COVID-19 and Digital Security: How LGBTI Activists Can Safely Work Online
While the opponents of LGBTI equality might also be overwhelmed with COVID-19 and focus their attention less on LGBTI groups right now, the digital footprints we leave today will still be around for a long time to come, which could make us more vulnerable after the crisis is over. So, now that most of our activities have moved online, how do we stay safe and secure? Here are tools and tips from the ILGA-Europe Programmes & Policy team.
As the coronavirus pandemic has taken us all by surprise, and we’ve all found ourselves isolating and working from our homes, the ways in which we communicate have drastically changed and we have to adapt quickly. Although many of us were already acclimatised to communicating digitally, moving 100 per cent of our daily work to the online sphere has been challenging in already complicated contexts.
For LGBTI activist organisiations, it is important to keep in mind that safety comes first. While our opponents might also be overwhelmed with COVID-19, the digital footprints we leave today will still be around for a long time to come. The following tips and tools on how your activist organisation and work can move its communication online are lead by the principle of online safety
Here’s how to quickly and safely reshape the work with your team without losing time and resources.
1. Group Communication
For group chats, one-to-one video and audio quick calls, you can use various apps on your cell phone. The following apps facilitate group meetings and here are the safety elements you need to bear in mind:
Remember that some of these apps are linked to your cellphone number. When you have sensitive conversations, you may want to be able to delete conversations for everyone in the app. Signal, WhatsApp, Viber allow you to do that, while Wire also allows you to write self-destructing messages.
You can find detailed information here on these and additional apps.
For longer conversations with your teams, it is probably easier to use apps that are available on your computer or tablet. Most of the following are also available on your phone, but generally harder to operate there.
In case you plan video calls and sensitive aspects may or may not come into discussion, please follow some simple rules:
I. Always set a password to the meeting.
II. Avoid sharing a the link to the meeting in a public online space as anyone who has the link can join the meeting.
III. Ask participants to introduce themselves verbally, preferably with video (later you can mute and/or turn the cameras off).
IV. If you see suspicious participants joining (not responding to questions, sharing unsolicited content, etc.) close the meeting for everyone and start a new one.
For those using zoom, besides the above rules, there are some specific technical aspects that can improve the safety of your calls:
I. Change screensharing to “Host Only”.
II. Disable “Join Before Host”.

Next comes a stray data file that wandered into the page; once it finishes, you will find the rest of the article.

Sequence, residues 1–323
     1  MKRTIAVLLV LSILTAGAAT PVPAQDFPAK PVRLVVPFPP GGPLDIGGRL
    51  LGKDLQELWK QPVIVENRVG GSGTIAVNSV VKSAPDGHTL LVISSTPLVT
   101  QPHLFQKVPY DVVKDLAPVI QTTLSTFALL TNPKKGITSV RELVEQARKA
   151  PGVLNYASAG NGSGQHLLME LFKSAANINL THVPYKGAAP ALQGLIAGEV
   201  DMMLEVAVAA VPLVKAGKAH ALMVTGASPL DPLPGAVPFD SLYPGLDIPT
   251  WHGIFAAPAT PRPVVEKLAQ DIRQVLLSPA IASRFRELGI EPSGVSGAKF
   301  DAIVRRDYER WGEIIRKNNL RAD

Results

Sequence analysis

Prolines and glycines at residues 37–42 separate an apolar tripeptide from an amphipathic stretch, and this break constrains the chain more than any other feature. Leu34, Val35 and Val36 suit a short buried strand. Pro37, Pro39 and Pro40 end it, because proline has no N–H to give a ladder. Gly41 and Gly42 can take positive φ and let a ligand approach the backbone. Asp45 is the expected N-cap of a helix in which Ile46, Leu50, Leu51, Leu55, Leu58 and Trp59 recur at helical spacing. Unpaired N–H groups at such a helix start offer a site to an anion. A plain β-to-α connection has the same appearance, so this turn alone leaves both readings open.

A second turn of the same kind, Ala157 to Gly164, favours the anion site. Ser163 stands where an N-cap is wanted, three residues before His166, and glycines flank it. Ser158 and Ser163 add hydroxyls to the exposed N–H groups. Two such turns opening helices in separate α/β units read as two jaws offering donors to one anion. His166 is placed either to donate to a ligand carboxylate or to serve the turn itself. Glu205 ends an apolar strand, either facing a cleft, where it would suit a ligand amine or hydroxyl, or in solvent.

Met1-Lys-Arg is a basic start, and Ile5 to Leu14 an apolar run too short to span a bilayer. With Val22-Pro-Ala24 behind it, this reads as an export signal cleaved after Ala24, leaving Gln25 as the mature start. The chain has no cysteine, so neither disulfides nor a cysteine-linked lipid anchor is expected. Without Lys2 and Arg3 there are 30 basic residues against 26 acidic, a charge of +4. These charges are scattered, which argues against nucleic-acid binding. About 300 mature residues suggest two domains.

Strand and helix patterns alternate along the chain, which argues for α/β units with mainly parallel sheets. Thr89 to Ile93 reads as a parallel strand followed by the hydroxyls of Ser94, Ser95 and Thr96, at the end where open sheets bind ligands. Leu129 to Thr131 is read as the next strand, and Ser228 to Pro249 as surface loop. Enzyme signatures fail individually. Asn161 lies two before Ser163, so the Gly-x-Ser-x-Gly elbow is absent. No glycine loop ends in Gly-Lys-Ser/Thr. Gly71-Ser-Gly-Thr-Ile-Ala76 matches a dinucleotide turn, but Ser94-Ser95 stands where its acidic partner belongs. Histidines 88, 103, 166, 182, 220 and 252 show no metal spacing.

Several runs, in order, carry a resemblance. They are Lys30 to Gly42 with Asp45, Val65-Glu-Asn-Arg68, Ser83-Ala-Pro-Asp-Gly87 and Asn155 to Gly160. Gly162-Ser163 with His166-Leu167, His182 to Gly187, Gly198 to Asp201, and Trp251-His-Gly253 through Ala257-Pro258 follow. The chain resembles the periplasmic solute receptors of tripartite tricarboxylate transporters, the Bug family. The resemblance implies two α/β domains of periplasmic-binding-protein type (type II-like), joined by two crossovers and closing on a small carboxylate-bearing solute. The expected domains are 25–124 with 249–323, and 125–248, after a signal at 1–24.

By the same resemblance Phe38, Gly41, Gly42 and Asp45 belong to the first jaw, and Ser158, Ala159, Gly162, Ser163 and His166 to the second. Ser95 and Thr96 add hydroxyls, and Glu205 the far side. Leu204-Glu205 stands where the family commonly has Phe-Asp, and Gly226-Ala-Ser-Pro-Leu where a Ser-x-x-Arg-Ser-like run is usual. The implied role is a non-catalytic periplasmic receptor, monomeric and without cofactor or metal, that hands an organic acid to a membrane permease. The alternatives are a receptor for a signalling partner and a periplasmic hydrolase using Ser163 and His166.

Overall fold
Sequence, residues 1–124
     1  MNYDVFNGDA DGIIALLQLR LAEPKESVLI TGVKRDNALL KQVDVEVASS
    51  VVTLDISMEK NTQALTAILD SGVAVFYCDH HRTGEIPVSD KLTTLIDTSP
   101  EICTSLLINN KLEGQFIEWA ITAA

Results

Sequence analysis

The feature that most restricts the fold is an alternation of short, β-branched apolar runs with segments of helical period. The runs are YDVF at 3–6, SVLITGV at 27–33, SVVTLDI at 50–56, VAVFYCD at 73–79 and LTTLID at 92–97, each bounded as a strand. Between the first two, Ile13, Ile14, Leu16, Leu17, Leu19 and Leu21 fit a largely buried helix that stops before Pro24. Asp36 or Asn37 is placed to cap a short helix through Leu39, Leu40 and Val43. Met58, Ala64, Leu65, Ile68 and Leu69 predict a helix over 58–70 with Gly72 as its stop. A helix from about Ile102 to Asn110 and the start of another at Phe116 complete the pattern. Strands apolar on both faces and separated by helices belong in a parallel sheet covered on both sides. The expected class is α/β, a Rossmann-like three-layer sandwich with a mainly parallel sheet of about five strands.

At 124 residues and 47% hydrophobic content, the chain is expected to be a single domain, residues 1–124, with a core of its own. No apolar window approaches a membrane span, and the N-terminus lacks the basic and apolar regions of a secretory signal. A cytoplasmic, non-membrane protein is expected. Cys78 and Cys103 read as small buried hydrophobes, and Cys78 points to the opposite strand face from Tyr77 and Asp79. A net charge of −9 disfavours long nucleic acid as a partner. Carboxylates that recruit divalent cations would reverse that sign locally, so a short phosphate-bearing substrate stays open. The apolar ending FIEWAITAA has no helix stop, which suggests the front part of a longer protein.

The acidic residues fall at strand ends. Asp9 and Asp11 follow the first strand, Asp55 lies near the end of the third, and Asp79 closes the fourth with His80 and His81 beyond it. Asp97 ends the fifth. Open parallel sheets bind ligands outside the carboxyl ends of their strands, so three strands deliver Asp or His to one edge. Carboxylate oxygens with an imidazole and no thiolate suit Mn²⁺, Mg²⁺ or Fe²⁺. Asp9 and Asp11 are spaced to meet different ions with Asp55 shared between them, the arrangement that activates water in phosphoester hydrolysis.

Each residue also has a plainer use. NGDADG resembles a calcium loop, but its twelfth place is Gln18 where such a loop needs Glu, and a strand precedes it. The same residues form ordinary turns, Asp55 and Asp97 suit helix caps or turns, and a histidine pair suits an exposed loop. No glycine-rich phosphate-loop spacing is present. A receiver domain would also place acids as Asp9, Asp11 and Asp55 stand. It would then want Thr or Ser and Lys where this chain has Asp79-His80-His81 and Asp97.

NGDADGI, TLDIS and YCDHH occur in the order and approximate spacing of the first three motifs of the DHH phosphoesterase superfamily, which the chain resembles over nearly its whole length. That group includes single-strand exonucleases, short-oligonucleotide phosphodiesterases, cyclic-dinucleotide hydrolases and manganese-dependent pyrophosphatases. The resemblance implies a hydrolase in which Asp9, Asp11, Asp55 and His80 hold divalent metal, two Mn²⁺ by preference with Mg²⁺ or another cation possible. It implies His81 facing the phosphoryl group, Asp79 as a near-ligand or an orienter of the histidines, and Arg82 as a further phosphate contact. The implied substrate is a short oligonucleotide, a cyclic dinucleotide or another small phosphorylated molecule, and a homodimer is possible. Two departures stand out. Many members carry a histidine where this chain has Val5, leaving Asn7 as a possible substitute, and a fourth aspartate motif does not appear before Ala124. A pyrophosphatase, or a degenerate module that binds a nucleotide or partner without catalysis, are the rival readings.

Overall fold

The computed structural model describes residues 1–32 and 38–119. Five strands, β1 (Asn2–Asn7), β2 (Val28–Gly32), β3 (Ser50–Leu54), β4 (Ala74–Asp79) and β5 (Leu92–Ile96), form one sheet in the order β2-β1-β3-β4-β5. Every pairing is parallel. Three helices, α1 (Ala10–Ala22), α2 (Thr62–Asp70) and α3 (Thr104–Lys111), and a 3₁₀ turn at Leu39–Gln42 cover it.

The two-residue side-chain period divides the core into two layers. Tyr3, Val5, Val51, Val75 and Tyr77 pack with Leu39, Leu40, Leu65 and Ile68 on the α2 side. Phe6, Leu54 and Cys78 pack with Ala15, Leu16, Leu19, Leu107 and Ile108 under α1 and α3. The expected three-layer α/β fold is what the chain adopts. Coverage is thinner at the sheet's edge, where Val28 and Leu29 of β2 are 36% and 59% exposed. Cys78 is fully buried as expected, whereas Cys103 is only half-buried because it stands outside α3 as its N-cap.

III. Disable “File Transfer” so there’s no digital virus sharing.
IV. Disable “Allow Removed Participants to Rejoin” so booted attendees can’t slip back in.
V. Also try to avoid using your personal meeting room for public meetings. If someone gets access to your personal meeting ID and the personal link, they could potentially then join any meeting in the room at any time.
Long, but as we say, better informed than hacked.
2. Project Management Tools
To work collaboratively with your teams on multiple projects with mixed requirements and deadlines, you could try one of these project management tools:
Slack — A virtual office which works well for prompt communication on various work projects with separate channels that can be encrypted or password protected.
Asana — Good for a growing team, it offers calendars, joint and individual task management, file sharing, workload indicator, etc. This is probably useful if your team is used to working online already, a bit harder to get used to quickly than Slack.
Trello — A good tool for planning and keeping track of steps in project implementation, good with deadlines and good for small teams!
Wrike — Similar to Asana, this is good for complex projects with long timelines, conditionality of tasks and timeframe.
Keep in mind that these tools are cloud-based. This means that they are quite secure unless at least one person has their password breached. Two-factor authentication and regular changing of strong passwords are a must.
The second consideration is that these tools are not free of charge, but this period is a good opportunity to explore their fee offerings. Then you can decide if you want to continue using some of them.
3. Collaborative and Cloud-storage Tools
If you plan to work together with your colleagues on documents, these collaborative work and cloud storage tools may be handy. We do not recommend Dropbox as it is not a safe tool to use for permanent storage. Remember always that safety comes first!
The Box — Similar to Google Drive and Dropbox, but considerably safer.
4. Password Changing
Changing passwords is a good safety tool, but constantly changing and saving them, especially with all the current anxiety, might be challenging. Here are some tools to generate and safely store your passwords:
1password.com — Features cloud-based database storage, meaning it is less likely that it will be hacked on your computer, and can be accessed around the world (if you have a good Internet connection).
Keypass.com — A software-based database of passwords. Can be used offline, but it will be stored on your laptop and/or smartphone.
You can find here more general tips on how to set your workspace at home, and security considerations in a report produced by Frontline Defenders here.
To access the ILGA-Europe’s ‘Protect, Adapt, Rally’ ongoing resources, click here. The plan is a living thing and new resources will be added regularly.